Market Research Is Used for Audience Creation by Movie Studios

Studios Avoid Collision of Film Release Dates with Market Research

Market Research Creates Audiences for Movie Releases - No More Collisions at the Box Office and Everybody Wins. Getty Images | | Digital Vision

The movie industry uses market research in some very interesting ways, much of which is focused on making the right bet when deciding which scripts to actually turn into films.  But there is another side to market research for the film industry that begins when production ends.  A science has been developed around film openings at the box office.  

Movie openings occur on the weekends as that is an optimal time to achieve the highest attendance.

 There are only so many weekends associated with major holidays or in the summer, a season characterized by relatively high numbers of moviegoers.  Considering this, it is fairly easy to understand why scheduling movie release dates has become an important service provided by guarded market research firms. 

Who Keeps the Studio Rivals from Competitive Collisions?

National Research Group (NRG) - now owned by Nielsen Entertainment - is one firm that is very active player in movie release scheduling.  The six major movie studios have access to a weekly competitive positioning report put out by NRG.  When National Research Group was founded in 1978 by Joseph Farrell, the movie studios contractually agreed to receive exclusive, proprietary aggregate data from the telephone polls conducted by Farrell.  NRG provides standardized tracking data that has considerable utility for the movie studios as it enables them to enjoy a common basis for scheduling.

 The offshoot is that this indirect collaboration results in mutual benefit across the studios since it prevents scheduling conflicts.  

How Is the Market Research Conducted by NRG?

With Nielsen as a support, NRG has access to samples of potential and likely moviegoers who can be approached to participate in their telephone poll.

 The screening questions NRG asks the study sample is whether they are aware of (have heard about) a particular movie, and if they are likely to see the movie when it opens.  Some demographic questions are also asked as it is critical to know the age and gender (and sometimes the race or ethnicity) of the poll respondents in order to establish the structure of the data analysis.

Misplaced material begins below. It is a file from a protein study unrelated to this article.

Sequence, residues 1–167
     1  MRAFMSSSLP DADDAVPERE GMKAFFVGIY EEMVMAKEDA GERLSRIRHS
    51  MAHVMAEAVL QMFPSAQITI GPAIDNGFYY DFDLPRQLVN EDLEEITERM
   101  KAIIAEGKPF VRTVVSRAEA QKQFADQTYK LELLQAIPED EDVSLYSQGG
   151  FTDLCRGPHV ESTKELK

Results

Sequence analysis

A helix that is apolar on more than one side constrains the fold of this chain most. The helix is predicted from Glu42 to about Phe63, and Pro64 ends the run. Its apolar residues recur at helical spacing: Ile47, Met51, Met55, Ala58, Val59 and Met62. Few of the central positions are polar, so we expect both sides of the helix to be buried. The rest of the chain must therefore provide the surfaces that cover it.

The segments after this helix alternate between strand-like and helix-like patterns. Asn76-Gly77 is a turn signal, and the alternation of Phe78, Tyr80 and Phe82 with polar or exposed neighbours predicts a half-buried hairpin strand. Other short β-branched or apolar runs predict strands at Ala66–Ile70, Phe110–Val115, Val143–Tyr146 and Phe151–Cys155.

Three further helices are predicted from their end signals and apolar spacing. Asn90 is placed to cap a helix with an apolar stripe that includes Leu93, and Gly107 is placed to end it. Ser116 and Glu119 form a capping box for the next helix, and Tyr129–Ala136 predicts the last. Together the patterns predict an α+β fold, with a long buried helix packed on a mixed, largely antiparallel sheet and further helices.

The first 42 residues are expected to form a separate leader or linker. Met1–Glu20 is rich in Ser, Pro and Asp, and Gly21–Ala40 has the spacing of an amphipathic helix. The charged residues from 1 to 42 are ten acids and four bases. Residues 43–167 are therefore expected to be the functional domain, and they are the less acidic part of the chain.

Four basic respondent groups are used to analyze and clarify the significance of the tracking polling data.  The four quadrants are: 1) Males under 25 years of age; 2) males over 25 years of age; 3) females under 25 years of age; and, 4) females over 25 years of age.  The primary objective of the analysis is to project how well new movies would do if they actually were all released on the same weekend.  This projection is completed for each audience quadrant. 

Why Is the Market Research for the Competitive Positioning Report Important?

Not so very long ago, Hollywood movies were attended by a habitual audience.  Groups of people could be relied to attend movie openings and nothing special had to happen with respect to that sort of built-in audience of moviegoers.  But innovative technology has changed the movie viewing habits of the nation and audiences actually have to be created - pulled together movie ad campaigns that have been likened to cattle drives.

 While the concept is rough around the edges, a parallel does exist: Different audiences must be created for every film released.   A Sony marketing executive told Edward Jay Epstein of Slate that,

"If we release 28 films, we need to create 28 different audiences." 

The main trouble with this arrangement is that audience creation is an incredibly expensive undertaking.  Epstein reports that the average expenditure for audience creation for each movie was $30.6 million in 2004.  And here is the thing: the cattle drive ad campaign must round up the moviegoers and it must lead them to the theatre on opening weekend.  Read more about how this is accomplished and what the audience creation approach means to the customer wallet share of major movie studios.


Epstein, E. J. (2005, July 18). Hidden persuaders: The secretive research group that helps run the movie business.  Slate.

National Research Group (NRG).  (2013, January 29). Popcorn People: Profiles of the U.S. Moviegoer Audience.  Media and Entertainment.  Nielsen.

The Nielsen Company.  (2014, December 11). Today's feature: Digitals and the silver screen.  Media and Entertainment – Nielsen.